Ethics of Holocaust Scholarship

We believe...

  • We believe that everyone who said No to the Nazi regime deserves to have their story told, regardless of ethnicity, political agenda, sexual orientation, or religious affiliation.
  • We believe that those who claim to have resisted the Nazis, but who did not, should be exposed, and the truth told about their activities during the war.
  • We believe that not all Germans were “bad” people; that not all Germans agreed with National Socialist atrocities; and, that individuals – not German society – are responsible for crimes against humanity (no collective guilt).
  • We believe that the silence of “good” Germans, those who did not resist the National Socialist regime, enabled those crimes against humanity to take place through their very silence (there is collective shame).
  • We believe that innere Emigration (inner emigration) is a myth and that an individual’s actions during the Holocaust defined his or her character, not what he or she claimed postwar.
  • We believe that all archives containing documents pertaining to the Holocaust should be open (“sunshine law”), available to any scholar for review and study, and that no individual or institution should be allowed to block access to files from that era.
  • We believe that the historical record should not be skewed by theologians, clergy, religious professionals, or those whose devotion to faith trumps faithfulness to scholarship.
  • We believe that primary source documents (Gestapo files, official trial records, interrogation transcripts, diaries, correspondence, newspaper articles) are generally more accurate than postwar memoirs or interviews, and that all primary sources must be carefully compared (historical process) to determine the most likely version of events.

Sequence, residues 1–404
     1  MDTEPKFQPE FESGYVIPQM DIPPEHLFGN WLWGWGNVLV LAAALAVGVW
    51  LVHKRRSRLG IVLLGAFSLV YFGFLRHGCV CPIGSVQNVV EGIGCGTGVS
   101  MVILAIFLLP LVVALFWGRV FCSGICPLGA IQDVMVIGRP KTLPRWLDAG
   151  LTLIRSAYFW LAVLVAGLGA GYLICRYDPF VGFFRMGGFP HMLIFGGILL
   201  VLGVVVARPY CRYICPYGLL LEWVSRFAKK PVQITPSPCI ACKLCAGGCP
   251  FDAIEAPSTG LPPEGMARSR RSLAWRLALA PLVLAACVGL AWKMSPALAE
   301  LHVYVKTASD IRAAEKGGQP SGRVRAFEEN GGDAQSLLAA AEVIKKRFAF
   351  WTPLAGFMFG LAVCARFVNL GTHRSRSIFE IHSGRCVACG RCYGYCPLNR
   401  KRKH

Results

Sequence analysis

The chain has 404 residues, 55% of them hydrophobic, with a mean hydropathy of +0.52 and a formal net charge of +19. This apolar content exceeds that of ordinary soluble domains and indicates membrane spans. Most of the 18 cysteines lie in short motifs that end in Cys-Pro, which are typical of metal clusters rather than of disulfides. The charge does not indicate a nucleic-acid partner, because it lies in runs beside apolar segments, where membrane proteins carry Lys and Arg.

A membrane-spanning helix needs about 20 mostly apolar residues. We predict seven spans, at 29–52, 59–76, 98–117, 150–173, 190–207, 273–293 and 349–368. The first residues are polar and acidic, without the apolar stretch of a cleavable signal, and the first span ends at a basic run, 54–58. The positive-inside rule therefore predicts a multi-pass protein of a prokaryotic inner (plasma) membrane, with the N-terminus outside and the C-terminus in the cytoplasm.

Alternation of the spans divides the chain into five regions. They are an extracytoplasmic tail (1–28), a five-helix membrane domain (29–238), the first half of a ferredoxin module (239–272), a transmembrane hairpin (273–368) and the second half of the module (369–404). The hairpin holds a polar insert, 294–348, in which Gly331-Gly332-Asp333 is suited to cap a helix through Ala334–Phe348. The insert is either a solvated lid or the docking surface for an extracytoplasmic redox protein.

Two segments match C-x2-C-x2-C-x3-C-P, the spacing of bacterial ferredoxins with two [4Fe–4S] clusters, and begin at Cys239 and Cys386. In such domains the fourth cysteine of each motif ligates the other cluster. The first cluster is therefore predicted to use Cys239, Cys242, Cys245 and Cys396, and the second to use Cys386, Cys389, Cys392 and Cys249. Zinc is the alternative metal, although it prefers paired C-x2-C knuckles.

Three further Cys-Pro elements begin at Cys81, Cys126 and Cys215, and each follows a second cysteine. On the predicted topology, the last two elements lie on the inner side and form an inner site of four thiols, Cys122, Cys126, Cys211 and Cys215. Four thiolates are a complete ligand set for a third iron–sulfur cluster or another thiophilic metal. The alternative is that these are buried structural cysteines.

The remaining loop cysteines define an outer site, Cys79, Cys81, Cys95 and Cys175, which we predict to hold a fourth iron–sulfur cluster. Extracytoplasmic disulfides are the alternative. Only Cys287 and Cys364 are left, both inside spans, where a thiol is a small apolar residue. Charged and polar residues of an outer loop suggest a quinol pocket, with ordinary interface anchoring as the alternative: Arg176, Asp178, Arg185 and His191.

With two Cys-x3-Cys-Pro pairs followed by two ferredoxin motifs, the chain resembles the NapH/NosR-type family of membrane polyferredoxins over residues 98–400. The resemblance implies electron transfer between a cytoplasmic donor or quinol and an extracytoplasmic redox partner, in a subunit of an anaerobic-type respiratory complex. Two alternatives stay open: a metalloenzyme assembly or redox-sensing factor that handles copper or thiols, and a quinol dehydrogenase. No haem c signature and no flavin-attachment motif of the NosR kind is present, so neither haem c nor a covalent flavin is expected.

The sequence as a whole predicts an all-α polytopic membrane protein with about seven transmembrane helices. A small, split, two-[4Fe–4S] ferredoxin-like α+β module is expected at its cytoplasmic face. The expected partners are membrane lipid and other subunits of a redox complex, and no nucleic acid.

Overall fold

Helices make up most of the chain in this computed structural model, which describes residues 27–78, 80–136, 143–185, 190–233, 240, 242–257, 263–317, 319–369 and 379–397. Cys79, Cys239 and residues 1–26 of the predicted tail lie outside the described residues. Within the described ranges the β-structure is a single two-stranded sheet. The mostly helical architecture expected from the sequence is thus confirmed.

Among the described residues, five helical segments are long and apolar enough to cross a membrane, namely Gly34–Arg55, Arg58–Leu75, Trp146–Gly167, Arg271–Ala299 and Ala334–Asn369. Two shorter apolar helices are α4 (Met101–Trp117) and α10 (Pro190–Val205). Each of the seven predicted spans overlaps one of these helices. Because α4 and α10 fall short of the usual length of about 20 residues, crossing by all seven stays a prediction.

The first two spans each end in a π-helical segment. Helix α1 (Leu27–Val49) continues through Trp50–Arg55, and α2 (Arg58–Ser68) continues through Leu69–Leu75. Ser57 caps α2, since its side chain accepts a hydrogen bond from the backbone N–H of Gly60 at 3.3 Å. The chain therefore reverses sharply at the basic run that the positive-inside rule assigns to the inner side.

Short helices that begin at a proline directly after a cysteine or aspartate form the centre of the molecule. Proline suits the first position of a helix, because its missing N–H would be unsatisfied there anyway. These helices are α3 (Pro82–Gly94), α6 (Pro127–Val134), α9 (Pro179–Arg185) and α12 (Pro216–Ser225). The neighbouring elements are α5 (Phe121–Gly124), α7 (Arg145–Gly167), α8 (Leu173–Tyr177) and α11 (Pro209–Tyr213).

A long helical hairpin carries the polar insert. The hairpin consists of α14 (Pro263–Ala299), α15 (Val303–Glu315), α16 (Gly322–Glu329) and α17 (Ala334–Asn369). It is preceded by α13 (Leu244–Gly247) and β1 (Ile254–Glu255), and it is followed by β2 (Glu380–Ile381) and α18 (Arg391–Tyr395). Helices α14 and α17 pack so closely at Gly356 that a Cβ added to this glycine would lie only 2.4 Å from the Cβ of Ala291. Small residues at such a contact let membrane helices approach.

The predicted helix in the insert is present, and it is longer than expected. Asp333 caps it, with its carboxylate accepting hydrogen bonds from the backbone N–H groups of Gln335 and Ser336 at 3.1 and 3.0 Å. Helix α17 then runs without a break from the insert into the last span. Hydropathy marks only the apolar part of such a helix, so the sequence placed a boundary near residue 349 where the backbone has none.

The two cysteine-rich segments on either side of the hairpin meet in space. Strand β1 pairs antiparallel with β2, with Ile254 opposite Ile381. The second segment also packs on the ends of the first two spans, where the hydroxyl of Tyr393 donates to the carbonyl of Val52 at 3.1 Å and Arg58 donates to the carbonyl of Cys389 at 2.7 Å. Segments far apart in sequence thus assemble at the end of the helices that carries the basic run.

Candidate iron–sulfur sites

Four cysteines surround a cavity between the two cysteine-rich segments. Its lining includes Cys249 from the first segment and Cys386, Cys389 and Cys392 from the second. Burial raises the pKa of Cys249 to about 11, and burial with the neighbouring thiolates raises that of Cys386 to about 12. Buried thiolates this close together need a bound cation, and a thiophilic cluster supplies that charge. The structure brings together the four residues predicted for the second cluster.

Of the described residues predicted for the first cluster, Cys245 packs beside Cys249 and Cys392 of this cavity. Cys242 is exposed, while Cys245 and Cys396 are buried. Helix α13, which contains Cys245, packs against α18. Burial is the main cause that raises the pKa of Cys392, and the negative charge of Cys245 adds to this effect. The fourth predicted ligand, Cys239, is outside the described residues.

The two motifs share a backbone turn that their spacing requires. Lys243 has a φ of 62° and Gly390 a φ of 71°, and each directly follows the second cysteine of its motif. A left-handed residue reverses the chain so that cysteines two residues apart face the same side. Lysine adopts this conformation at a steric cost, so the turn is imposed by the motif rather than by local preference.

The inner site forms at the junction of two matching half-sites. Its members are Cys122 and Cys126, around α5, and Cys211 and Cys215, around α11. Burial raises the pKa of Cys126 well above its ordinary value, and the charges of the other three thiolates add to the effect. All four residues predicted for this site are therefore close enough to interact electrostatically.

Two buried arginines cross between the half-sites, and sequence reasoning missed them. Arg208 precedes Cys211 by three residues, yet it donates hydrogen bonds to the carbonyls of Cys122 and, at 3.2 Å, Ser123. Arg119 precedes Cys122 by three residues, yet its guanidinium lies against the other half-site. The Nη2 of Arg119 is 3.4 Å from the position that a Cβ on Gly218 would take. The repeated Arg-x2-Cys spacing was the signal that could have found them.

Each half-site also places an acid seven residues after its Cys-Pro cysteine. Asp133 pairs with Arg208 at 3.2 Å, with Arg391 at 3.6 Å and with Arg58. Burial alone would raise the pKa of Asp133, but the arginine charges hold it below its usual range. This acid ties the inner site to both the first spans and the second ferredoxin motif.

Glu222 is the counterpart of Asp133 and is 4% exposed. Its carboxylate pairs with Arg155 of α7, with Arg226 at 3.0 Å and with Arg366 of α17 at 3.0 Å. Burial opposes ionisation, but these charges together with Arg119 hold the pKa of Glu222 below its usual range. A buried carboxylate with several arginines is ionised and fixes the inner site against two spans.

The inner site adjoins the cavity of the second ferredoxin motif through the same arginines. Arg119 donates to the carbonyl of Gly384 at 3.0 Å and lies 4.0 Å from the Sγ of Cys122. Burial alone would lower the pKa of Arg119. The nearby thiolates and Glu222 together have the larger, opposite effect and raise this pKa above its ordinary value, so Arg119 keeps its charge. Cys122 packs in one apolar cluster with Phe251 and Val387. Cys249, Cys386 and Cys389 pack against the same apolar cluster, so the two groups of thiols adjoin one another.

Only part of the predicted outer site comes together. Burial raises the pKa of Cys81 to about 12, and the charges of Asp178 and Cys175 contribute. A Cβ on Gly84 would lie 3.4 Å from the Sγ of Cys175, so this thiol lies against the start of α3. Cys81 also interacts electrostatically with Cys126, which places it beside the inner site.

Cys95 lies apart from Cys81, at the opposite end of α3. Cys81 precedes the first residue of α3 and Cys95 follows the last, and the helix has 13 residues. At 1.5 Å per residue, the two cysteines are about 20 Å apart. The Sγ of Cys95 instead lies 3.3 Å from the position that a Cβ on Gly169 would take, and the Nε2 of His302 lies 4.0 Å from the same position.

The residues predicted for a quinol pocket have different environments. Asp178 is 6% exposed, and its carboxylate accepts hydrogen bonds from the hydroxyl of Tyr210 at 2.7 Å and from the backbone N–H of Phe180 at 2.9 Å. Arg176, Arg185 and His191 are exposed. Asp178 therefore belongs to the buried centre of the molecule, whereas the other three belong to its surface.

• We believe that no one can know everything about the Shoah, and that therefore collaborative projects yield the best results.
  • We believe that the Holocaust reminds us that no civilization is incapable of crimes against humanity; that it demonstrates that in the worst of times, goodness does not die; and, that informed dissent and civil disobedience during the Shoah came from flawed, imperfect, noble human beings, not from martyrs.

On September 18, 2012, the board of directors of the Center for White Rose Studies unanimously reaffirmed its commitment to the Ethics of Scholarship, specifically as it relates to the Holocaust (and beyond). We believe wholeheartedly in the integrity of scholarship.

If you wish to join us on this journey, please respond to our blog post: I believe.

For additional reading on the above topics, we recommend:

  • Schlant, Ernestine. The Language of Silence. New York: Routledge, 1999. 
  • Mitscherlich, Alexander and Margarete. The Inability to Mourn, translated by Beverley R. Placzek. New York: Grove Press, 1967.
  • Geyer, Michael and Miriam Hansen. "German-Jewish Memory and National Consciousness." In Geoffrey Hartman (Ed.). Holocaust Remembrance: The Shape of Memory. Oxford: Blackwell, 1994.